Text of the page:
(Quick Blog= I didn’t take a long time on this/it’s short. I’ll probably start doing these more often. I stole the idea from Carson T. Clark.)
Alright, l’ve had it with the silly “The Gospel is not a set of propositions, it’s a story” meme that keeps getting thrown around in church conversations and books. It’s been beat down I don’t know how many times, but let’s just be clear: the Gospel is both a story AND a set of propositions. It includes both, it is both because stories involve propositions. What do I mean? A proposition is basically an affirmation, something asserted about the world, or a situation. “It is raining” or “Abraham Lincoln was the 16th President of the United States” are good examples of propositions. Now, when you take more than 2 seconds to think about it, you’ll realize that without propositions, you don’t have stories. Let me quickly illustrate my point:
Proposition 1: Jack and Jill went up the hill to fetch some water.
Proposition 2: Jack tripped and sustained a head injury
Proposition 3: Upon seeing his fall, Jill was frightened, tripped, and fell down after him.
Put this together and you have a short story. This is not hard stuff.
Now, let’s think about the basic Gospel announcement. Here’s the King Jesus, McKnightish/Wrightish version: “Jesus Christ is Lord.” That’s an assertion about what is the case. It’s a proposition about the Lordship of Christ. Or, try this more “Soterian”-sounding one: “in Christ God was reconciling the world to himself, not counting their trespasses against them, and entrusting to us the message of reconciliation.” (2 Cor 5:19 ) “God is reconciling the world to himself” is an assertion, a proposition that sums up the Gospel.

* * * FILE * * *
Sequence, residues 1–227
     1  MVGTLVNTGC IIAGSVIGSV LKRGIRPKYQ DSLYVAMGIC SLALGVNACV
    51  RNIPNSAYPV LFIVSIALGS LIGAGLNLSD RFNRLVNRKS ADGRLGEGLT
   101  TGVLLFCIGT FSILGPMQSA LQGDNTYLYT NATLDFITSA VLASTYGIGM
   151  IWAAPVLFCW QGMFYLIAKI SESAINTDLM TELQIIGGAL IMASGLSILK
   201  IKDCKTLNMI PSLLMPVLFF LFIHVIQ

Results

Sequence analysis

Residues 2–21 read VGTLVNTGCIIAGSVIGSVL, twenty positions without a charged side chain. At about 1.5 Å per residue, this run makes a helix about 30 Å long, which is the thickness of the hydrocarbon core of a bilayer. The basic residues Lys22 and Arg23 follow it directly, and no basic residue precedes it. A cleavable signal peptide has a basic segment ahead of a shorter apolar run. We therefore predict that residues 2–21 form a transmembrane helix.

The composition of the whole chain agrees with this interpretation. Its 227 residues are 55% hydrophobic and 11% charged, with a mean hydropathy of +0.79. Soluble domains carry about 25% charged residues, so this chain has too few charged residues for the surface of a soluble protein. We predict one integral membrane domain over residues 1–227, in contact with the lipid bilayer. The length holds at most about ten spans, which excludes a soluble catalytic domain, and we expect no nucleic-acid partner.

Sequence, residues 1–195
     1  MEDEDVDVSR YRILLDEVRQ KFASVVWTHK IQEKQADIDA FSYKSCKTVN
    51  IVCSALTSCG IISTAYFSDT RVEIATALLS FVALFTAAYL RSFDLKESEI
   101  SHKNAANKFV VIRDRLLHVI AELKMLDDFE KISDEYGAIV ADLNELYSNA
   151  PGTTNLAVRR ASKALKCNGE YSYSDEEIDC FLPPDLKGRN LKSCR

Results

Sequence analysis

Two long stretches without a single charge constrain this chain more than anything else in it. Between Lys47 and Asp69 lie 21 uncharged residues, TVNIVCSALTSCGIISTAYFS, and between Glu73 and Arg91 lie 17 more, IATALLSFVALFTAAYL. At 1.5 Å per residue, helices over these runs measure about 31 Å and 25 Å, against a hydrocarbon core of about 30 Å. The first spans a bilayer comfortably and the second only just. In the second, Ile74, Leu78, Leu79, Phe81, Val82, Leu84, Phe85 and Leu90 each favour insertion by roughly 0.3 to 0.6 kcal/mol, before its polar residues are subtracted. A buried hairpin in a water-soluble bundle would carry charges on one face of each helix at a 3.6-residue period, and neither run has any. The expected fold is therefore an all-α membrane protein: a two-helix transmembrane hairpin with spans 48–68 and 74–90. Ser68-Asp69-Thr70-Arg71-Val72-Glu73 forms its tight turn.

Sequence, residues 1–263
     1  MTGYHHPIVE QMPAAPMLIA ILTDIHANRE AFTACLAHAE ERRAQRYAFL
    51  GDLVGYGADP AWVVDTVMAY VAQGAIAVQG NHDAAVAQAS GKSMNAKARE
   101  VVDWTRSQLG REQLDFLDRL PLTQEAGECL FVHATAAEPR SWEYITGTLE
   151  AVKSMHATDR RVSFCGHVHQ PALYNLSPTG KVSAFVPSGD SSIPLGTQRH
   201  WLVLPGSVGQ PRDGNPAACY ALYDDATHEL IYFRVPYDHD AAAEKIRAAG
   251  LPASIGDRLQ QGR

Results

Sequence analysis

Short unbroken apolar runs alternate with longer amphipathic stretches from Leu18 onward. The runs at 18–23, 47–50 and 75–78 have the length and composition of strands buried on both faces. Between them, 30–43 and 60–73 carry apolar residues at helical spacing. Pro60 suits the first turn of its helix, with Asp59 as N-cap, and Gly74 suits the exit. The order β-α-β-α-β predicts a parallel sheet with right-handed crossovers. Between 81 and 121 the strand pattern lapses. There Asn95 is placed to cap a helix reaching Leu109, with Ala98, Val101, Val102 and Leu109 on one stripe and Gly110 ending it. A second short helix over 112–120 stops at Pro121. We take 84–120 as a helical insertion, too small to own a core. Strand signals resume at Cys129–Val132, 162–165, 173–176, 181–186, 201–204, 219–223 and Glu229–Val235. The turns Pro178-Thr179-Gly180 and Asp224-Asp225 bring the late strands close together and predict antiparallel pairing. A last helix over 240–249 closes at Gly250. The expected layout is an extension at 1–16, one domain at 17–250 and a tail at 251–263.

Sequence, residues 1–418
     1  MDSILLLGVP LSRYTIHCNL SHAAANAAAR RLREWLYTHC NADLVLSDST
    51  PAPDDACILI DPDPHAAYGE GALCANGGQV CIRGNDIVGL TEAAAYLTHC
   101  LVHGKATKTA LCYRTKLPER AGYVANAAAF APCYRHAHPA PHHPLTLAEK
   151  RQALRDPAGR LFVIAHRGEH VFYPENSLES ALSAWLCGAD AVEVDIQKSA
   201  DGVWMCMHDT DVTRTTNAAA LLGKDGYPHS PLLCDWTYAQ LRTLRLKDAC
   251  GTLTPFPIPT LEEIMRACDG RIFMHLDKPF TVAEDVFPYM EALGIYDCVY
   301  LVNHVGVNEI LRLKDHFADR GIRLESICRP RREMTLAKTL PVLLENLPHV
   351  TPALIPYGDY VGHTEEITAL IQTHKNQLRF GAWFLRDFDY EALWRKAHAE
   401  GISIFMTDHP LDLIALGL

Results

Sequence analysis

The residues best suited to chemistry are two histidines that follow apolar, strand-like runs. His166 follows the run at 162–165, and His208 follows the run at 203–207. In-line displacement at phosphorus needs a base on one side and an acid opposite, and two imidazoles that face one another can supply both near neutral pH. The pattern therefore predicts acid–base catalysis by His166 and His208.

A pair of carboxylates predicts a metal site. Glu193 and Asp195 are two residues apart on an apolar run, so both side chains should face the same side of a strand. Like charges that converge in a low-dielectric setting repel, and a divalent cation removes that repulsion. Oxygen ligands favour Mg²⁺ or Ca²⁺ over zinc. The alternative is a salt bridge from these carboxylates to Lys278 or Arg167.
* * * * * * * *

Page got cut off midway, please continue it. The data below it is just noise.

In the beginning was the Word, and the Word was with God, and the Word was God. He was in the beginning with God. All things were made through him, and without him was not any thing made that was made. In him was life, and the life was the light of men. The light shines in the darkness, and the darkness has not overcome it.
There was a man sent from God, whose name was John. He came as a witness, to bear witness about the light, that all might believe through him. He was not the light, but came to bear witness about the light.
The true light, which gives light to everyone, was coming into the world. He was in the world, and the world was made through him, yet the world did not know him. He came to his own, and his own people did not receive him. But to all who did receive him, who believed in his name, he gave the right to become children of God, who were born, not of blood nor of the will of the flesh nor of the will of man, but of God.
And the Word became flesh and dwelt among us, and we have seen his glory, glory as of the only Son from the Father, full of grace and truth. (John bore witness about him, and cried out, “This was he of whom I said, ‘He who comes after me ranks before me, because he was before me.’”) For from his fullness we have all received, grace upon grace. For the law was given through Moses; grace and truth came through Jesus Christ. No one has ever seen God; the only God, who is at the Father’s side, he has made him known. (John 1:1-18)
Take the first verse alone:
Prop 1: “In the beginning was the Word”
Prop 2: “The Word was with God”
Prop 3: “The Word was God”
The narrative of the Word coming into the world which rejected him and the salvation that came to those who did is a series of propositions that are connected to form a version of the basic Gospel story. Are we clear then? The Gospel is a story AND a set of propositions? Good.
Now, I get where this is coming from. People have reacted against presentations of the Gospel that are a series of de-historicized, de-narrativized, “4 spiritual laws” that takes all the drama and movement out of things. I get that. I’m not a fan of those presentations either. The Gospel is a rich, deep, and dramatic reality that shouldn’t be reduced down to a formula. Still, I’m not a fan of silly, misleading statements either. This is one of them. Stop using it, people.